12:00 AM
 | 
Dec 15, 2014
 |  BioCentury  |  Strategy

Momenta moving on

Why Momenta abandoning complex generics in favor of novel drugs and biosimilars

Data announced in October represent the first fruits of Momenta Pharmaceuticals Inc.'s novel drug pipeline, which will play a larger role in the company's strategy going forward as it steps back from complex generics.

Momenta was founded in 2001 to develop a platform technology to analyze complex carbohydrate molecules that are beyond the reach of conventional methods of characterization. By using the technology to solve what had been scientifically intractable problems, the company hoped to build a portfolio of complex generics, novel drugs and biosimilars - all of which would be insulated from competition by either IP or know-how created by the platform.

The science turned out to be the easier part, at least compared with navigating regulatory hurdles related to product approvals and patent law. The biotech persevered through a five-year regulatory review for its generic enoxaparin, only to see a competing generic by Amphastar Pharmaceuticals Inc. and Actavis plc cut into revenues. Momenta sued but was unable to defend its IP.

Momenta's second product, a generic equivalent of Copaxone glatiramer, has been held up by litigation as well. A patent infringement lawsuit filed by Teva Pharmaceutical Industries Ltd.against Momenta and partnerSandoz has prevented FDA from approving an ANDA that was submitted seven years ago. Sandoz is the generics unit of Novartis AG.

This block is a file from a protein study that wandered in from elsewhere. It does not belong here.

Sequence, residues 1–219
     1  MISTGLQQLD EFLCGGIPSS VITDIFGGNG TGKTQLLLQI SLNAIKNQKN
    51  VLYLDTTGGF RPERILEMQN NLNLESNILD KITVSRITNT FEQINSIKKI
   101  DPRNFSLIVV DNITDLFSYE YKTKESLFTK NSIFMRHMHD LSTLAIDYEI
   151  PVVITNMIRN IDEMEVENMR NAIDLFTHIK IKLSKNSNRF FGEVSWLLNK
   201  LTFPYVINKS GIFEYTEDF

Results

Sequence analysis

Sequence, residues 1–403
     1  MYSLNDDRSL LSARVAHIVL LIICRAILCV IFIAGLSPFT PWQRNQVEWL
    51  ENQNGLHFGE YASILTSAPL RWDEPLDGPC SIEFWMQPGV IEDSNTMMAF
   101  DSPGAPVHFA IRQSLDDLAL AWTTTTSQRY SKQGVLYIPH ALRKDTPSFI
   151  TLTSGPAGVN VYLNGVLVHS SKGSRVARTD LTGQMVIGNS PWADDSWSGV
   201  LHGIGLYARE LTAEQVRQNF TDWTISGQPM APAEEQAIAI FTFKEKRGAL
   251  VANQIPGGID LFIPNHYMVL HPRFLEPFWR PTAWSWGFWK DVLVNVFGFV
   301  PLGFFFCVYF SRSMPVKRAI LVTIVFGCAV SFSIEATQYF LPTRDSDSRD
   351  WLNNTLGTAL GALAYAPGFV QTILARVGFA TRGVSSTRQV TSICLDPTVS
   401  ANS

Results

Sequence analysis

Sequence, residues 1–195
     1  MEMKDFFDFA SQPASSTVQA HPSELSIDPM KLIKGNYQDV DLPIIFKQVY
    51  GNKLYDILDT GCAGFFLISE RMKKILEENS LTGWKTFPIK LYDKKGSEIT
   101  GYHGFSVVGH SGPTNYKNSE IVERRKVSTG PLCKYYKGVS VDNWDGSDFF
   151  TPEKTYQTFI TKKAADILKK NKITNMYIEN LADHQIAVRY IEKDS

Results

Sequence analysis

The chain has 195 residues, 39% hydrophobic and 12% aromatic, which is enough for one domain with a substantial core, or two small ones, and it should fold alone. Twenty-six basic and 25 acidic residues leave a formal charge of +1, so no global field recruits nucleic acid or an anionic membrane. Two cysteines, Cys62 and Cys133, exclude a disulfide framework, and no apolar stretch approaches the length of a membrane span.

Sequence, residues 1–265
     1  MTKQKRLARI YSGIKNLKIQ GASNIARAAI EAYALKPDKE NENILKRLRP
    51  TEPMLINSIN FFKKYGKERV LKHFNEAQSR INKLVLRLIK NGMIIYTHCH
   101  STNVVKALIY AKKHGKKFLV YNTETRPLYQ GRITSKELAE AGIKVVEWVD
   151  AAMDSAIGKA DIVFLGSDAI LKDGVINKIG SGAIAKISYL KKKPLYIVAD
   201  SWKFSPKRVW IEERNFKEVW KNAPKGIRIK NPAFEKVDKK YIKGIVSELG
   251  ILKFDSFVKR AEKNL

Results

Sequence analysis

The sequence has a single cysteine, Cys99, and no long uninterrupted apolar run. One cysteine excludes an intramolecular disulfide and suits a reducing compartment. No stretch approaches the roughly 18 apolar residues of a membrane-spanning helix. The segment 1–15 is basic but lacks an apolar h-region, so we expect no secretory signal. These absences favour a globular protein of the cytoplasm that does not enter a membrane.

The U.S. Supreme Court has agreed to hear the case, with a ruling expected in June 2015.

In addition to those difficulties, the realization that Momenta's technology needed to be retooled to develop a generic Copaxone product, and would need to be retooled again to pursue each additional complex generic, led the company to conclude complex generics were not scalable.

As a result of all these factors, Momenta has concluded that complex generics are not a viable application of its technology, except perhaps in the context of a partnership.

Now the company will focus exclusively on its pipeline of novel drugs and biosimilars. The most advanced novel program, a heparin-derived candidate called necuparanib, will have Phase II data in pancreatic cancer in 2017. FDA approval could happen as early as 2018 if Momenta is able to file on the Phase II data.

Momenta expects to increase its clinical pipeline of novel drugs and biosimilars from one to three by YE15, six byYE16, and nine by YE17.

Heparin roots

Momenta spun out from the Massachusetts Institute of Technology with a method for analyzing sugar molecules that was pioneered by co-founders Ram Sasisekharan, professor of biological engineering at MIT, and CSO Ganesh Kaundinya.

The technology has three parts: a library of enzymes to break down carbohydrate sequences into smaller components; analytic tools to determine the arrangement of those components in the molecule; and mathematical modeling to characterize structure.

President and CEO Craig Wheeler told BioCentury Momenta always intended to develop novel drugs, but complex generics seemed to be a faster route to revenues.

"Our strategy was to take advantage of the shorter and less expensive development pathway in generics, and use our technology to differentiate our program from competitors and to generate earlier product revenues for the company, and we did this through the development of generic Lovenox," Wheeler said.

Lovenox enoxaparin from Sanofi and other low molecular weight heparins are produced by depolymerizing heparin, a complex mixture of polysaccharides...

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